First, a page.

One soldiers on


Copperplate Gravure from 5×7 negative

In the light of disaster, one soldiers on, right? It’s what my dad would say, along with, “give it the old college try”, “glad I thought of it”, and other worn out axioms. In the past 2 months I have sliced open my finger (9 stitches), got the flu, and broken my foot in 2 places. This has totaled nearly 3 weeks in time off from work. Now had I obtained such luxurious time off under circumstances in which I was operating at 90-100% I would have thoroughly enjoyed myself. However, being weak or in pain does not generally add up to high enough number to function properly and all that time has been wasted on pesky healing.

I just wonder what I am trying to tell myself.

New directions

Periodically, everyone takes new directions. For me, they happen perhaps more than they should, making me feel like I am turning in artistic circles. Sometimes those revolutions are good, but most of the time it’s hard to tell.

I have taken up printmaking, a not illogical step on a photographic journey. I took a class on using photopolymer film, which morphed into solarplates, followed by KM photoploymer plates, and finally resting at copperplate photogravure–someplace I never knew I wanted to go. But working with ink and beautiful paper is very rewarding and I only have to make one near-perfect print in the darkroom to produce a plate capable of reproducing that image another 50 times. And each of those 50 can have variations in technique, color, paper, texture etc–all things that a silver print won’t do (but yes of course other methods will).

Every time I embark on a new direction or new aspect to image-making, I think I have finally landed on the technique that will be the ultimate, the one I will stick with for the remainder of my artistic life. Haha. Aside from photography in general, nothing has held my interest for that long, and, really, if you aren’t exploring new directions, you aren’t growing. Or that’s my feeling.

Despite appearances to the contrary, I am still shooting

With shock and horror it has come to my attention that I haven’t updated the pages on this site for a long time–in the case of one page, since 2012. I assure you, I continue to take pictures! I update my flickr page far more frequently than I do this site:

Meanwhile, I am trying my hand at printing ziatypes, messing up the carbon transfer process, and scratching my head over why I never thought to make Pyrocat HD with distilled water instead of the stuff out of the tap when I noticed streaking.

Instead of walking away from what has become an arcane and archaic process, I instead have chosen to delve deeper into film and what it can do. My ambition is to combine many processes in one piece, but with the exception of a project that I have not yet finished, this as yet eludes me. When I do figure it out, I’ll share it here, as I must.

Thank you to all who visit and look at my work!

Sometimes it’s the weather

Sometimes it’s the weather that keeps me indoors and away from shooting with a big camera, but usually it’s more complicated than that. I’m sitting here on my bed in my parents’ house in France vacillating between complete apathy and frenzied activity. I was out the other day in sub-freezing temperatures to shoot the ice and snow because of their novelty and I was shooting in a heated studio yesterday because I had a model. In between I look outside at the rain and overcast skies and the winter landscape ¬†and I cannot gather the energy to shoot in one of the most meaningful places on earth (to me). I have schlepped my camera 6000 miles to shoot here and I don’t. Actually, that’s an untruth: I did not come here to shoot, I came to say goodbye to my father who passed away before I arrived. Maybe that has something to do with it.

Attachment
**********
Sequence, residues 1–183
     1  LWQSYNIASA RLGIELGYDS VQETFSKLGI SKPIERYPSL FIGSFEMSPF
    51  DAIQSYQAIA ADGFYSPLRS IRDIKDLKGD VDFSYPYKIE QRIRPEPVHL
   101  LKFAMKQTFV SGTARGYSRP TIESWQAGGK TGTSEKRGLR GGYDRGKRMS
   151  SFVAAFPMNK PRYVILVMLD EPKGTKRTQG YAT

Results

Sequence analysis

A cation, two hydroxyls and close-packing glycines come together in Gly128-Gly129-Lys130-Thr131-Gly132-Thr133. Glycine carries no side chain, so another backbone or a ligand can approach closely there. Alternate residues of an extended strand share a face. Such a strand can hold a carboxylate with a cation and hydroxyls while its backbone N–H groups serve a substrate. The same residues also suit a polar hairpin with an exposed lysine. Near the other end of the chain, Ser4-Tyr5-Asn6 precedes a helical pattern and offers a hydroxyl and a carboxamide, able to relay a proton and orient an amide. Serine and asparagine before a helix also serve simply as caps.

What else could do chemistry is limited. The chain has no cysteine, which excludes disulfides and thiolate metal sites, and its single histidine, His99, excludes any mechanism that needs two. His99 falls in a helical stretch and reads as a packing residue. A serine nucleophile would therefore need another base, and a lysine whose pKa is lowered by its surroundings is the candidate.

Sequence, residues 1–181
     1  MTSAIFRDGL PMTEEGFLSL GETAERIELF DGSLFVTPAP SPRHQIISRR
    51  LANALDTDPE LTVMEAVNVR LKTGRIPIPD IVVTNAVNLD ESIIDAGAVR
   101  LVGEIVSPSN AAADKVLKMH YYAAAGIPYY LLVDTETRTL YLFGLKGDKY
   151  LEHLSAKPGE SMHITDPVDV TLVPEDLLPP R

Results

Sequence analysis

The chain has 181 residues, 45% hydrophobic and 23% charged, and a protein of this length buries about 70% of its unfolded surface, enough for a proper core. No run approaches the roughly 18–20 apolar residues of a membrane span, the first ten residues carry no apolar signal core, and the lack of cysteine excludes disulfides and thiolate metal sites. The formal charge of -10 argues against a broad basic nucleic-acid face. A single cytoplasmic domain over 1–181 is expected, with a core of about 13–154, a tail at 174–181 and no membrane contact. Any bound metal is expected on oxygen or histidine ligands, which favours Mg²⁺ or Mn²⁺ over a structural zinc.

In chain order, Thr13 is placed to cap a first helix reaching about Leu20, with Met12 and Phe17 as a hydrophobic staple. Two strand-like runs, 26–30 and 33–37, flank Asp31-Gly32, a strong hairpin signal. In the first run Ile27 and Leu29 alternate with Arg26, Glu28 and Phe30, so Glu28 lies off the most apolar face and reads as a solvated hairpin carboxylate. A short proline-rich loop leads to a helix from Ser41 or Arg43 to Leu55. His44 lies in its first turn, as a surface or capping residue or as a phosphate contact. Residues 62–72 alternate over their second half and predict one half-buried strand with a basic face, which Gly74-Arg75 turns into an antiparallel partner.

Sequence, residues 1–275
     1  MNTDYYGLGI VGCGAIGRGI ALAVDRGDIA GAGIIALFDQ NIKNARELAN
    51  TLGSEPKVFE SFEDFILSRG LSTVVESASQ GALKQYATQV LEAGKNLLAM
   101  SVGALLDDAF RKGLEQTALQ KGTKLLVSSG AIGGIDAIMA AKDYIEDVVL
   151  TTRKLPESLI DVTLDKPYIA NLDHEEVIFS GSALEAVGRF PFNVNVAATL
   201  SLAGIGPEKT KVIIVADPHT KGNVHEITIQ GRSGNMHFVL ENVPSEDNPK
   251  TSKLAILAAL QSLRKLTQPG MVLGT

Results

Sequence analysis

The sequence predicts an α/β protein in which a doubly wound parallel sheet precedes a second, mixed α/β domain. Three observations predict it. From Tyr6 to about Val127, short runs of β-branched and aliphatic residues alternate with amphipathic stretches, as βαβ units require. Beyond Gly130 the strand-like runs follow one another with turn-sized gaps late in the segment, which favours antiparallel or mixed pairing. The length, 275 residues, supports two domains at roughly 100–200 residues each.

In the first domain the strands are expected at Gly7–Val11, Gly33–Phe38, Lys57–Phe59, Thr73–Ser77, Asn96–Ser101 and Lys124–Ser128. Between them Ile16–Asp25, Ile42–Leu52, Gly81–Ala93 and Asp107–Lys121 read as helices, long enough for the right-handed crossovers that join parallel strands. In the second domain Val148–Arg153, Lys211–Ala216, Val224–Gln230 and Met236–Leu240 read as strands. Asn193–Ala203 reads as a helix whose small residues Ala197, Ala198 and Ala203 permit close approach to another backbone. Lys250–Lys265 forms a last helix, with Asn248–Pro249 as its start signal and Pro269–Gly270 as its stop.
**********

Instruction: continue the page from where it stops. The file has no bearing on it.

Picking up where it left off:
Feeling Negative about Landscapes

I am underwhelmed by what I brought back from the Death Valley meetup. Ironically, the only good shots are either not of Death Valley, or exist on roll film rather than sheet. There are a couple of the dunes which would have had possibilities had I not under-developed them.

I have always thought of myself less of a landscape photographer than as a….don’t really know what kind. Portraitist? Night photographer? Dabbler? All I can say is that I feel pretty weak about landscapes, especially landscapes like Death Valley that are a challenge to shoot.

I actually started to cry a couple of times when I looked on the ground glass. The landscape is overwhelming and I was shooting outside all my preferences. This may explain why I didn’t get much. I was not inspired, confident, or happy with what I saw–as a photographer, that is. As a tourist, it was beautiful.

I am going back in Feb and I am going to concentrate on the two places that actually inspired me–the dunes and Badwater. Both of these place held features that hold my interest because they are best at sunrise (dunes) and sunset (Badwater), the two times of day that I tend to shoot landscapes, if I must. And I will be more precise in the darkroom.

Lith printing

In June I went to the eastern Sierra to shoot with a group of large format wielding women. It was great and I learned lots. One of the things I learned was the lith-printing process¬†and I have been putting it into practice with a remarkable success rate. It is the perfect process for the less-than-stellar darkroom technicians such as myself. I have been using Moersch lith chemicals and Fomabrom classic paper. Depending on how much solution D (bromide) you put in the developer, the paper gives a lovely brown to orange. Not so fond of the oranges, but put the paper in a weak selenium solution for just a few seconds and you’re back to a warm brown. I will have several of these prints on display and for sale at San Francisco Open Studios, Oct 13-14, 2012